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Children often have difficulty with feeding and/or swallowing. For some children it is a sensory issue. They may not like the texture of a specific food or they may be very rigid in what they are willing to try. Other children have oral motor deficits that result in difficulty sucking or chewing well. Children with poor oral motor skills and / or swallowing deficits are at significant risk for aspiration. ​

Safe and efficient feeding and swallowing skills are important to allow children to meet their nutritional requirements as they grow. Eating with family and friends is also an important social activity.




Some common signs of feeding disorders in children include:

  • Refusal to try new foods

  • Trouble chewing or swallowing

  • Aversion to certain food textures

  • Gagging or vomiting

  • Tantrums at mealtime

There can be many causes of eating disorders including the following:

  • food allergies

  • palate defects

  • gastroesophageal reflux disease (GERD)

  • delayed exposure to different foods

  • digestive disorders

  • autism spectrum disorders

It is estimated that 80% of individuals with developmental disabilities and upwards of 45% of typically developing children have some type of feeding problem.

Feeding Specialist are available at each of our clinic

Dysphasia is a medical term used to describe any person having difficulty swallowing foods and liquids taking  more energy and time to move food from the mouth to the stomach. Signs of dysphasia may include:

  • Drooling

  • Food or liquid remaining in the oral cavity after swallowing

  • Complaints of pain when swallowing

  • Coughing during or right after eating or drinking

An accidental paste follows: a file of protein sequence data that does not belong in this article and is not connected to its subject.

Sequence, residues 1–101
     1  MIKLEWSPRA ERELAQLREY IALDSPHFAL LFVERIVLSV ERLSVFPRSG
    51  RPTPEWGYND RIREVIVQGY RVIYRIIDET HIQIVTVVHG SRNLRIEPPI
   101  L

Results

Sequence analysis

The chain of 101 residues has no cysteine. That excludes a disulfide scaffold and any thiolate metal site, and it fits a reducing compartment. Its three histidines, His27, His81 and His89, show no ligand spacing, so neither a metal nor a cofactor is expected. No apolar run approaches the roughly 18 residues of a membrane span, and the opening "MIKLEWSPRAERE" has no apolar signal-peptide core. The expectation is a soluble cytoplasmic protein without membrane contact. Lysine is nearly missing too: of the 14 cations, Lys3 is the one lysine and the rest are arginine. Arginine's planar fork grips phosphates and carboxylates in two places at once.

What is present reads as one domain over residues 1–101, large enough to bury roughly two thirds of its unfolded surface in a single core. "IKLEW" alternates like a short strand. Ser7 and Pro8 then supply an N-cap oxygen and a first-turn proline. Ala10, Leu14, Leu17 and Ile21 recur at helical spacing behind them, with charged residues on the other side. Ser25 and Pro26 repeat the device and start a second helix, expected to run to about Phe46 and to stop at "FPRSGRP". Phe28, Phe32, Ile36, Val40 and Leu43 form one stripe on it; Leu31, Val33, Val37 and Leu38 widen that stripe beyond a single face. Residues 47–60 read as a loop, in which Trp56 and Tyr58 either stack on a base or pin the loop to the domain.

• Extra time needed to chew or swallow

  • Reflux of food

Dysphasia can lead to aspiration. Aspiration is defined when food, fluid, or other foreign material gets into the trachea or lungs instead of going down the esophagus and into the stomach. when this occurs, the person is able to cough to get the food or fluid out of their lungs, in some cases especially with children and adults with disabilities may not be able to cough. This is known as Silent Aspiration


What to do

If you are concerned about your child's nutrition, feeding and/or swallowing talk to your child's physician immediately. Be very specific when talking to the physician. Be prepared with a list of foods your child eats, a list of what your child drinks and identify any concerning meal time behaviors. Discuss the potential need for feeding therapy and request orders for speech and/or occupational therapy serivces to evalaute and treat. 

If your child coughs or has watery eyes during or following meals or is often sick with phuemonia make sure the physician is aware. If you are concerned that your child may be aspirating you should discuss a Modified Barrium Swallow Study with the physician. 

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